Angry scenes erupted outside Budapest’s main train station Tuesday morning, as crowds of angry migrants and refugees were prevented from boarding trains they hoped would take them on from Hungary to Austria and Germany, toward Western Europe.

It’s the latest crisis point to emerge as a wave of migrants — many refugees fleeing conflict in Syria or Iraq — seek to make their way by land to Western European nations where they hope to claim asylum.

Other flashpoints have emerged. Thousands were stranded last month in a no-man’s land between northern Greece and Macedonia, where Macedonian security forces used tear gas and stun grenades as some desperate people tried to rush the razor wire border fence.

In other places — including parts of Germany and Greece — there’s been a warmer welcome, with volunteers handing out food and water.

Germany’s government said last month that it expected up to 800,000 asylum seekers to come this year — four times more than in 2014.


Insignificant number of Calais refugees as compared to other countries

British Prime Minister David Cameron warned of the threat posed by “a swarm of people” who were “coming across the Mediterranean … wanting to come to Britain”. His foreign secretary Philip Hammond upped the ante. The chaos at the Channel tunnel in Calais, he declared, was caused by “marauding migrants who posed an existential threat.”

In reality the French port of Calais is a sideshow, home to a few thousand migrants.

Europe’s real refugee crisis is in the Mediterranean. More than 180,000 have reached Italy and Greece by sea alone this year.  The impact on Greece, already wracked with crisis, is at tipping point.

[Despite the media circus] Britain is not a main destinations for either refugees or illegal migrants. Last year 25,870 sought asylum in the UK and only 10,050 were accepted. By contrast, Sweden accepted three times as many and Germany had more than 200,000 asylum and new asylum applicants.

[But if you are talking refugees, in sheer numbers,] nothing in Europe matches the millions who have been driven to seek refuge in Turkey, Lebanon, Pakistan or Jordan. Set against such a global drama, Calais is little more than deathly theatre.

[The Guardian]

One year after war, people of Gaza still sit among the ruins

A year after the halt to hostilities between Israel and Palestinian militants in the Gaza Strip on Aug. 26, 2014, not a single one of the nearly 18,000 homes destroyed or severely damaged in Gaza is habitable.Those involved in the process, and advocacy groups, attribute the slow pace to Palestinian political infighting, Israel’s involvement in approving projects and participants, and a lack of funds. International donors have sent about $340 million of the $2.5 billion they pledged for Gaza’s reconstruction last fall, and much of that was spent on removing rubble, on temporary housing for 100,000 displaced residents or on minor repairs.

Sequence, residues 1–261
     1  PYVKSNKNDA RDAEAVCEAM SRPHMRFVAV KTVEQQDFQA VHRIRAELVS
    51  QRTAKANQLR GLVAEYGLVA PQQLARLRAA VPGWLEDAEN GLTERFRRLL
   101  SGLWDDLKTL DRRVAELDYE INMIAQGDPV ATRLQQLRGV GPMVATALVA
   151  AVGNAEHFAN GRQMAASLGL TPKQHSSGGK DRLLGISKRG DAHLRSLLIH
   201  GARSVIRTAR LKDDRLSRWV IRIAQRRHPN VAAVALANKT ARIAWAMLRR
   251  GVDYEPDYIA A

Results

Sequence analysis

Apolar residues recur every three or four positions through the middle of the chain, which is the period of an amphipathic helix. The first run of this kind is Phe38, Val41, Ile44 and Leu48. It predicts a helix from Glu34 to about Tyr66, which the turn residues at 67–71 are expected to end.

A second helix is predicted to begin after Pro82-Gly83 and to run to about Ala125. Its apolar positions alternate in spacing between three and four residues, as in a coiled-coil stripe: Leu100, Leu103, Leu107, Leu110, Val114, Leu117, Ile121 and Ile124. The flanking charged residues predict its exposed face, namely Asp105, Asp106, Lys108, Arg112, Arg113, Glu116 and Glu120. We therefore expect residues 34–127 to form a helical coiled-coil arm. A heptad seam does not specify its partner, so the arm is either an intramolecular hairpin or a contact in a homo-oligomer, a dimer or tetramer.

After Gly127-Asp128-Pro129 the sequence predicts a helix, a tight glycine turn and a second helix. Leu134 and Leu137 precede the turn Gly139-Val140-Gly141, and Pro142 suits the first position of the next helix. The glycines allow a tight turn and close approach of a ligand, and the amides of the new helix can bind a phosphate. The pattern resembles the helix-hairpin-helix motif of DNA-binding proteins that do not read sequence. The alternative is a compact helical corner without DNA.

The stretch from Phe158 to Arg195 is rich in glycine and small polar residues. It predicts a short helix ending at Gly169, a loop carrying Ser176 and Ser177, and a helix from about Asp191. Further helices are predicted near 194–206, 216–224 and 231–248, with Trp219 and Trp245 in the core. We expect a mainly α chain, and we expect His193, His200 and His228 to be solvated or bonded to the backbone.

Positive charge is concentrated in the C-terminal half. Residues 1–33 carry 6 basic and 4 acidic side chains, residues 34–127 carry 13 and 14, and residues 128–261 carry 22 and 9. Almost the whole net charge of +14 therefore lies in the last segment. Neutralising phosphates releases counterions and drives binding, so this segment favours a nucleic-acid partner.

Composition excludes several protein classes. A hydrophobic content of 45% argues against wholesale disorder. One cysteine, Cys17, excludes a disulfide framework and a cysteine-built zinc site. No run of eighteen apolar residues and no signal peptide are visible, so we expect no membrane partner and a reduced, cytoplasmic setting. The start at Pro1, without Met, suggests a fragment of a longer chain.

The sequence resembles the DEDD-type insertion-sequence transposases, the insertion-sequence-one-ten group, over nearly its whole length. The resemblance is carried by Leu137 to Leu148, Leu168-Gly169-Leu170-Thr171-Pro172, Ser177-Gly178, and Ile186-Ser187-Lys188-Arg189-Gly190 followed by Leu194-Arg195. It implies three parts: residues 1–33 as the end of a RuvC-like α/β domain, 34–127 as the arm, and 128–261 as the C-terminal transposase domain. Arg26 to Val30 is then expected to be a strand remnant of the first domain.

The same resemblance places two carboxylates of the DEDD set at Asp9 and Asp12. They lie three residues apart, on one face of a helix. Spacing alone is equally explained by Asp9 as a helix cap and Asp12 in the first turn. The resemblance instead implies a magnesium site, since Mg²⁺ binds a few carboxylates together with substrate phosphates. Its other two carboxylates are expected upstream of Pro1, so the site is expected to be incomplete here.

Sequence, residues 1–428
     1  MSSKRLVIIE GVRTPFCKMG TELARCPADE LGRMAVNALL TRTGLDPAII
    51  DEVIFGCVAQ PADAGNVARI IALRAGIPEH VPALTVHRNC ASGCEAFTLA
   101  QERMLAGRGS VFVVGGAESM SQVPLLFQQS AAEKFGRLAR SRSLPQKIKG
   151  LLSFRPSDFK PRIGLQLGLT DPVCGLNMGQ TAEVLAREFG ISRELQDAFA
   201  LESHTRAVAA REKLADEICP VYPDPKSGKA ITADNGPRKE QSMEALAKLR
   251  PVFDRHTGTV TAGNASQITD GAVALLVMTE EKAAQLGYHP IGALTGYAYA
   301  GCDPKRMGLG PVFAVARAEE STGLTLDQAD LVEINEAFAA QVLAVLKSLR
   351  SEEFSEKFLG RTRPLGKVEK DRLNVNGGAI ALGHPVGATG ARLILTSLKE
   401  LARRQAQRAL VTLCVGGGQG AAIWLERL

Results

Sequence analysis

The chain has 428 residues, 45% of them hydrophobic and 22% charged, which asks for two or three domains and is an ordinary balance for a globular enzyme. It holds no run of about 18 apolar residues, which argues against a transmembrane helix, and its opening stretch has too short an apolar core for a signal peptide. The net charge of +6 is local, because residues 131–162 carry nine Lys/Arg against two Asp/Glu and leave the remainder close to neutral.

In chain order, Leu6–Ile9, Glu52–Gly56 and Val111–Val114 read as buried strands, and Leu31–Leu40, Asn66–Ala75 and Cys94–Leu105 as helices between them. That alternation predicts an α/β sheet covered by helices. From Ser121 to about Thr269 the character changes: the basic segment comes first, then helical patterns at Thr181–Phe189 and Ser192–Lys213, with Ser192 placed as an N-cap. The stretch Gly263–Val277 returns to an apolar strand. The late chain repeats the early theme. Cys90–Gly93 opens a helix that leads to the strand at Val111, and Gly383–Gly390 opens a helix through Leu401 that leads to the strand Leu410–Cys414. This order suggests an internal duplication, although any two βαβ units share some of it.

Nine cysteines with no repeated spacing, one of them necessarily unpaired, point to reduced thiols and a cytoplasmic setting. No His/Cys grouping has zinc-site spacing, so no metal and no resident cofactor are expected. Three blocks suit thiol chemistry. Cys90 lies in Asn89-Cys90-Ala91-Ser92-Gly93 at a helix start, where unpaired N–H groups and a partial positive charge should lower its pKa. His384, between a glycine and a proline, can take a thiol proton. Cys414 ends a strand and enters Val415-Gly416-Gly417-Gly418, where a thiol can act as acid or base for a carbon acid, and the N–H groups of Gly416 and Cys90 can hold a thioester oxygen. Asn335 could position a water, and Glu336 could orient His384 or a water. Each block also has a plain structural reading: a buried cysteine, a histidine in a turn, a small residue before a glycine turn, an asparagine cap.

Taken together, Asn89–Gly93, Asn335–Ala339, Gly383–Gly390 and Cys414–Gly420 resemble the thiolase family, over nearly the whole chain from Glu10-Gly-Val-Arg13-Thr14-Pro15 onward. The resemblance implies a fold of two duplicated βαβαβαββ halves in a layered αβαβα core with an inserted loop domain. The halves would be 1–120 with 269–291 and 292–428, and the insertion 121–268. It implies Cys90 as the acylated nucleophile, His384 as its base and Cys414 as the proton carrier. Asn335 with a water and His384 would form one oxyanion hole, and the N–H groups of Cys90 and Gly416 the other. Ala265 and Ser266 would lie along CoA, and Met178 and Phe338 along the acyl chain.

Palestinian civil-society groups pushed forward a petition this month calling for an end to the reconstruction mechanism, saying that Israel’s access to a database of destroyed homes and its role in reviewing applications only entrenched its control over Gaza, a position echoed in a report published this week by Gisha, an Israeli group that promotes freedom of movement for Palestinians.

Mofeed M. Al Hassaina, the Gaza-based minister of housing and public works, said 455,000 tons of rubble had been cleared; 1.5 million tons remain. According to the mechanism’s website, 115 larger projects, like schools, hospitals and roads, are in progress, 15 have been completed, and 237 are in the approval pipeline. Bashir Rayyes, the Palestinian Authority’s coordinator for Gaza reconstruction, said 95 percent of Gaza’s electric grid and water supply had been restored.

Fouad Harara has a photograph of his former and future home affixed to the tent he put up after the fighting stopped last August, where has spent virtually every day since. It shows a flourishing nut tree, which he said was felled by Israeli bombs. A few yards away, green branches sprout from the ground, some part of the tree apparently having revived itself. “We are the same–our homes and ourselves,” said Mr. Harara’s brother Abed, 53. “We will not die. Our roots are like this tree.”

[New York Times]   

Pay it forward as a humanitarian worker

Some say humanitarian workers are heroes. They dedicate their heart and soul to save lives, may it be in a natural or a manmade disaster.

I say we humanitarian workers, like everybody else, are just human beings, doing the best we can, in the ways we know, to help those in need rebuild their lives.

It was in 2013 when I became a humanitarian worker. I entered the field just a few weeks after surviving typhoon Yolanda. An old friend offered me a job in the organization he works for, and while at first I was clueless on what to do, I knew it was all about responding to the thousands of survivors struggling to stand up after the storm took away everything they had.

There were times when I cried at night in despair, for the trauma brought by Yolanda continued to haunt me. I carried this sort of survivor’s guilt since I could not mourn fully for those who lost more than I did. I could not even talk about my feelings in an honest manner in fear of being called ungrateful.

But while it took me time to realize how blessed I was, it soon dawned upon me that being a humanitarian worker is not a cross to bear, but rather a path to learning life in its crudest, harshest forms, and that it’s up to us on how to make the best of it.